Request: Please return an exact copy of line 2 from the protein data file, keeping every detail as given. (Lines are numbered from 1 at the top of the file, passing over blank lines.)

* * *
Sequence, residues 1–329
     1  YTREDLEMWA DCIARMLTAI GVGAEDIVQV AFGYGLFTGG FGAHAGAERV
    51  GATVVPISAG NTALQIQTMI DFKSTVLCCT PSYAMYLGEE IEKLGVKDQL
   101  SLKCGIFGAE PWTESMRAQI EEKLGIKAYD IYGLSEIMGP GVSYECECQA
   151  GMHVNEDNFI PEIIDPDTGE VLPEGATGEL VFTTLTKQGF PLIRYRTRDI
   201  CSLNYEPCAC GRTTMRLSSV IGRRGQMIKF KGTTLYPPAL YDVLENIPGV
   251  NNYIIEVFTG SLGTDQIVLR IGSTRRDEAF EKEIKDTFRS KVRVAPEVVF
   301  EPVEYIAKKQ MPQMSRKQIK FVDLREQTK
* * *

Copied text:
     1  YTREDLEMWA DCIARMLTAI GVGAEDIVQV AFGYGLFTGG FGAHAGAERV